This semester feels like the premise of a really sick scientific experiment. What happens when 7,000 undergraduates are allowed to run amok during a pandemic? What if you don’t require testing for vaccinated students? Vaccines are required, except for people with health problems and “strong personal objections.”
The answer: the Emory Conference Center Hotel (ECCH), which houses positive students, has seen a nearly 500% increase in students in the past week. Student Health Services (SHS) is bombarded with so many symptomatic testing requests that not only can they not accommodate them, but students, such as Danny Roytburg (25C) and Bella Piekut (25C), are also being shipped off to the hotel before receiving test results. With this, some people who aren’t COVID-19 positive are taking hotel rooms away from positive students. Students that book asymptomatic testing appointments are stuck waiting 24 to 48 hours for their results, with no instructions to quarantine. The University has proven inept at protecting its students against COVID-19 and other medical ailments.
Health problems other than COVID-19 still exist, despite the worrying spike in cases. Yet, some students can’t even book in-person appointments for non-respiratory issues at SHS anymore. The Student Health Portal reads that they are experiencing a large number of COVID-19 related visits, thus they have “very limited space available for non-respiratory visits.” The website directs students to nearby Urgent Care clinics instead. The term “limited space,” however, is misguided. After attempting to schedule a Primary Care appointment online, Margaret Hecht (25C) and I both found that there was not a single appointment available within the next few months.
Telehealth and Urgent Care are now the only remaining options for those with non-COVID-19-related concerns. In serious situations, students are directed to Emory University Hospital Emergency Room. Unfortunately, the reality is that Emory is attached to an internationally-renowned hospital but unable to provide students with basic health care, like concussion treatment or stomach pain diagnosis. For a school that gloats endlessly about its mastery of medicine, it’s shocking that its students are now struggling to receive basic care.
Both off-campus partying and the University’s lack of proactivity in testing bear significant responsibility for the spike in COVID-19 cases over the last 10 days. Had Emory tested students upon arrival and isolated positive cases immediately, the number of positive cases might have been different. Perhaps, like Rice University (Tex.), Emory should have taken classes online for two weeks. Though a few unlucky students would have spent the first 10 days of college in the ECCH, the University could have avoided the seemingly uncontrollable surge in positive cases. While it’s difficult to prevent newly independent 18-year-olds from partying, it is possible to isolate COVID-19-positive students through regular testing.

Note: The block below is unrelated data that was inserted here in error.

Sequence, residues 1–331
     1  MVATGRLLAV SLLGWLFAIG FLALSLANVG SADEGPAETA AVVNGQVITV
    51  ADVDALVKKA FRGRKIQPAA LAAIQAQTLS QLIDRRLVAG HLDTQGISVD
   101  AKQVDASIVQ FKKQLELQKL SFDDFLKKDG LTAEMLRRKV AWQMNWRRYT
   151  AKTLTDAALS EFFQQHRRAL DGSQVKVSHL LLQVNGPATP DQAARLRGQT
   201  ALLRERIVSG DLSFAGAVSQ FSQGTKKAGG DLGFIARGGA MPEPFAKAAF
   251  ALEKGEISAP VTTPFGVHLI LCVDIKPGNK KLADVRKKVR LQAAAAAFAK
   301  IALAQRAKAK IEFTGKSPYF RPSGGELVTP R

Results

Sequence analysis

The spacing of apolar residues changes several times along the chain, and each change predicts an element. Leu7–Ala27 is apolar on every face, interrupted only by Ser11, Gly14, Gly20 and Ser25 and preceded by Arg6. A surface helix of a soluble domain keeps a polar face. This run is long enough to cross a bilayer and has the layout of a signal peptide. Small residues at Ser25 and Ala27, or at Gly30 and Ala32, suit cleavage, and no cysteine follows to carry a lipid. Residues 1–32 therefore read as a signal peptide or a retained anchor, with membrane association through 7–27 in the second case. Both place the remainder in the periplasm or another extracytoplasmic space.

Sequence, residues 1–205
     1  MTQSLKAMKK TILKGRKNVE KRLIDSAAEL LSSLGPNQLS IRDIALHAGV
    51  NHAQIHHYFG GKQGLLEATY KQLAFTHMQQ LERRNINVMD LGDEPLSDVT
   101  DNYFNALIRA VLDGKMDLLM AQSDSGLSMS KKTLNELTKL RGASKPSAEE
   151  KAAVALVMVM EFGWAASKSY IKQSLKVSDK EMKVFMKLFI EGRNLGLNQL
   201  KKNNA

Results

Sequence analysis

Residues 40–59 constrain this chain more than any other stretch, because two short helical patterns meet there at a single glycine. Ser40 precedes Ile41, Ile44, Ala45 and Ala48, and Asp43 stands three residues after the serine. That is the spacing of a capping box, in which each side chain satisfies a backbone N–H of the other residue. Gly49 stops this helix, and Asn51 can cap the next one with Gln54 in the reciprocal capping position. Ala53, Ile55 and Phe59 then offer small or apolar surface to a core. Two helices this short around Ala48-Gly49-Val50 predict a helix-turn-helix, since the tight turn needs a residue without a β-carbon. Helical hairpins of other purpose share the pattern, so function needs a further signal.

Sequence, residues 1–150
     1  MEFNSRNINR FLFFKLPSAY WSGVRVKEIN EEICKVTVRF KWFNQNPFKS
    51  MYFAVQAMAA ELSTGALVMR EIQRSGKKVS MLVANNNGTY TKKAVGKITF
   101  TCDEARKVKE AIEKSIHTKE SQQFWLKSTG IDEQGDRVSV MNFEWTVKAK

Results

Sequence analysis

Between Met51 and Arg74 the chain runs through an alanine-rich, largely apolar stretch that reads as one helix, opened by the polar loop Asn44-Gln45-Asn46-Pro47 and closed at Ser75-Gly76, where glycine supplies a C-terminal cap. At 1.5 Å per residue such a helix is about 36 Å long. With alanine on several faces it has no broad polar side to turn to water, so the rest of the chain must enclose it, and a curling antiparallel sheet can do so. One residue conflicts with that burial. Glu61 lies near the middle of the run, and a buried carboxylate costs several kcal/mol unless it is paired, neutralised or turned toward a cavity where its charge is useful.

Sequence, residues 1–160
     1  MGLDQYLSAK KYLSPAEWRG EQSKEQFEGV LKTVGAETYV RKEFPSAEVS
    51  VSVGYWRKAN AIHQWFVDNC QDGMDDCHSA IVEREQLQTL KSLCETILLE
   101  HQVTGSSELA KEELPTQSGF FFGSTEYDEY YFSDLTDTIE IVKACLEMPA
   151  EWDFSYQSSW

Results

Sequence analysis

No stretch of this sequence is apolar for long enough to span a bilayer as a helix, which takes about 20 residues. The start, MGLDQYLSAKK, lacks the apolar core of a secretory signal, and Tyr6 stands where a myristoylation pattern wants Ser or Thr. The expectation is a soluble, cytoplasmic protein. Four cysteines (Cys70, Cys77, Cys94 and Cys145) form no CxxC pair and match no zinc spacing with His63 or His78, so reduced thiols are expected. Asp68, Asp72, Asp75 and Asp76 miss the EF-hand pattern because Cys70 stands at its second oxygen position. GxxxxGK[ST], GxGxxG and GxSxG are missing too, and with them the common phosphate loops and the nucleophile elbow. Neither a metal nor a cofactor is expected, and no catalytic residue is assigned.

Contact tracing and speedy testing are additional measures Emory must take to squash the surge in positive cases. Emory should increase the number of weekly tests available, invest in tests with quicker results and establish a more logical contact tracing system. Currently, contact tracing often doesn’t function adequately; personally I have only received emails about isolated positive cases in my residence hall, despite being exposed to COVID-19 on two separate occasions.
Furthermore, results from asymptomatic tests can take up to 48 hours to come back, cultivating anxiety and spreading COVID-19. On two separate occasions, my friends and I resorted to buying at-home antigen test kits for quick results after being exposed to COVID-positive individuals. If Emory Village’s barren CVS can provide students with tests, the University with the 22nd best medical school has a duty to provide students and staff with free, quick testing at all times.
Emory’s endowment is in the billions, and the University has the resources and personnel to keep students safe and healthy during a pandemic. While Emory has taken steps like changing its operating status to yellow and advising students to eat outside, nothing will improve until testing is prioritized and contact tracing is performed consistently.
Sophia Peyser (25C) is from New York, NY.